The Soil Bank Act of 1956 was part of the Agricultural Act of 1956. This act created the Soil Bank Program, which removed farmland from production in an effort to reduce large crop surpluses after World War II. Land deposited into the Soil Bank was then converted into conservation use. The idea for the Soil Bank was taken from legislation from the 1930s dust bowl and was similar to many depression-era solutions to lower crop prices. Eventually, the Soil Bank act of 1956 was overturned by the Food and Agriculture Act of 1965.
Soil Bank Act Wikipedia
Following World War II, the government struggled with how to deal with the large farm surpluses that have been created by price supports. The first proposed solution to the problem was the Brannan Plan proposed by Secretary of Agriculture, C. F. Brannan, in 1949. The Brannan plan allowed for the treasury to pay farmers the difference between market prices and a modernized parity price. The Brannan plan was praised because it would eliminate the need to store surpluses and is also beneficial to the American for the goodbye across the low prices. However, the Brannan plan was never instituted. Many labor consumer groups supported plan as well as the Americans for Democratic action, and the NFU. However, most labor economist opposed the plan “for its failure to make provisions for the adjustment for support levels in light of demand and supply and for setting these levels and excessive 100% parity.” The Soil Bank act fall of the Brannan plan and was a less radical solution to the problem of crop surpluses. The Soil Bank act was similar to many Depression-era solutions.
The Soil Bank act of 1956 created the Soil Bank Program. This act was devised to reduce supplies of basic commodities by achieving a 10 to 17% reduction in plowland through payments to farmers who shift and went out of production into the Soil Bank. The Soil Bank converted 80% of the cost of converting from crop the conservation land. Annual payments were also provided to participating states. The payments were based on base price per commodity in the amount of land surrendered. In the south, these annual payments varied from about $8.68 per acre in 1956 to about $11.85 per acre in 1960. From 1956 to 1960, the Soil Bank converted 28,700,000 acres nationwide from crop production to conservation uses. 2.2 million of these acres were used for tree planting, of which 1,922,604 were planted in the southern states of Virginia, South Carolina, North Carolina, Georgia, Florida, Alabama, Mississippi, Tennessee, Arkansas, Louisiana, Texas and Oklahoma.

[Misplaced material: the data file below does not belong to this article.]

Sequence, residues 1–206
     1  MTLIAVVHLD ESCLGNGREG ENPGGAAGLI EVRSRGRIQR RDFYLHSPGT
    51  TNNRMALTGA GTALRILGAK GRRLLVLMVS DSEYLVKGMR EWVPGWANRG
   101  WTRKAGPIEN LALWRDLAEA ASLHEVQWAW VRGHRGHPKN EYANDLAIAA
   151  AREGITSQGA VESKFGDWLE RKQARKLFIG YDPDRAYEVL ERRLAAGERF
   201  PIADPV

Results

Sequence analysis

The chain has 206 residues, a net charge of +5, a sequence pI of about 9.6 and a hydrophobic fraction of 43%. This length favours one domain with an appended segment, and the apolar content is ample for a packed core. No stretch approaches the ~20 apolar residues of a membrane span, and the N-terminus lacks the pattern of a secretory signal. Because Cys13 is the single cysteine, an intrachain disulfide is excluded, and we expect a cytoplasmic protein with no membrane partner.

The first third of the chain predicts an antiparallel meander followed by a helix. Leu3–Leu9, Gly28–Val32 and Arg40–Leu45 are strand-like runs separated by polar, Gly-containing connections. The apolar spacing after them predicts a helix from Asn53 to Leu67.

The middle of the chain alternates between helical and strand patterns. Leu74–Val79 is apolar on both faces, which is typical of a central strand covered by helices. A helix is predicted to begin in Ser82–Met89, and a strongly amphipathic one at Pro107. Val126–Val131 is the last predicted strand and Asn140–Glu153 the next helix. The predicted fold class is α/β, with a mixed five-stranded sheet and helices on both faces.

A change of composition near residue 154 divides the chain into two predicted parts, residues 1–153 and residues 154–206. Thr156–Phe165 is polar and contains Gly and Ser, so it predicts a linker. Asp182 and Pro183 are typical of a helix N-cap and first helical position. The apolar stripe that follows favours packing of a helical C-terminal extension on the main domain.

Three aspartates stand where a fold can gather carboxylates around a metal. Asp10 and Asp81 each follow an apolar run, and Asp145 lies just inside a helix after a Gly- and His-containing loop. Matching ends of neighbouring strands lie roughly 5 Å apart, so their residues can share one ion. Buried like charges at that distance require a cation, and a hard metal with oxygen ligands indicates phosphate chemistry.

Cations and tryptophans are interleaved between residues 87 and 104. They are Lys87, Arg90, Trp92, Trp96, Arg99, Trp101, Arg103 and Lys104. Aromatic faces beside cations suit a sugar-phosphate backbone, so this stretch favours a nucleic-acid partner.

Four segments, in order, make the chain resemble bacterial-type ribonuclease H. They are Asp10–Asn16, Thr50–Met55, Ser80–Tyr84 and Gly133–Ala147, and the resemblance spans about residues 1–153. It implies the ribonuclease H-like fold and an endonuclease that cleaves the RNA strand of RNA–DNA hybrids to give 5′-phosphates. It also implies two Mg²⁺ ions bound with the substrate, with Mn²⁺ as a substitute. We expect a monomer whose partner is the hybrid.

Studies on the effects of the Soil Bank has shown that in Georgia after 18 years, 83.1% of the land dedicated to trees remain forest. The national study showed that after 33 years 80% remain forested. The same study found that only 2.5% of the land dedicated the trees have been re-converted back to cropland.
By reducing the amount of land that was actually producing crops, the Soil Bank act hoped to reduce the supply of certain crops. Due to this decrease in the supply, many food prices would rise, which was the government solution to the large surpluses. In 1957, J. Carol Bottum found that the Soil Bank program was unsuccessful in the Wisconsin corn and dairy area because it failed to materially reduce agricultural output. However, some benefits of the Soil Bank or found including that increased mobility of farmers by “making it possible to reduce farm operations without loss of income and still retain the security of the farm case of layoff.” One negative effect of the Soil Bank with that also shrunk the amount of land farmers were able to rent out to others or rent for themselves. This made it difficult for some small farmers to expand their operations. The Soil Bank act was repealed by the Food and Agriculture Act of 1965.